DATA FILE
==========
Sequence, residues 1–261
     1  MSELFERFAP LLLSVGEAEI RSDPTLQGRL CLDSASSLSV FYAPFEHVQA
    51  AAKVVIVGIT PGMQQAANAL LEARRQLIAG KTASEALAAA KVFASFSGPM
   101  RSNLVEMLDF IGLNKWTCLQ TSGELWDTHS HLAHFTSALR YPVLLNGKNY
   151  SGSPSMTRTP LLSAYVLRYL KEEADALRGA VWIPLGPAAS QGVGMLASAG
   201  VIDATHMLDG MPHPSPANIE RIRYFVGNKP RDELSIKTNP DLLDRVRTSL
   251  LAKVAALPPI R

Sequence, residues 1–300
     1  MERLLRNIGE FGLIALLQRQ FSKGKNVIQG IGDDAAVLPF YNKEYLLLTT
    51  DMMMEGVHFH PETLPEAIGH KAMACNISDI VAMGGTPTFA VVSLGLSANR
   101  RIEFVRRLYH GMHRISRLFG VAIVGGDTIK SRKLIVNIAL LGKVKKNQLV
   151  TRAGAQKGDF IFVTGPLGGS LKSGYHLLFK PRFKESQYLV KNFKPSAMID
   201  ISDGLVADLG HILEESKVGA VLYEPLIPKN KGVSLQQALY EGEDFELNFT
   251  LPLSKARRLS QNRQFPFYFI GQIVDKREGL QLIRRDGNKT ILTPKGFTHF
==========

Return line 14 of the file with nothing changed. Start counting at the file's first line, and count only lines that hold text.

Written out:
   251  LPLSKARRLS QNRQFPFYFI GQIVDKREGL QLIRRDGNKT ILTPKGFTHF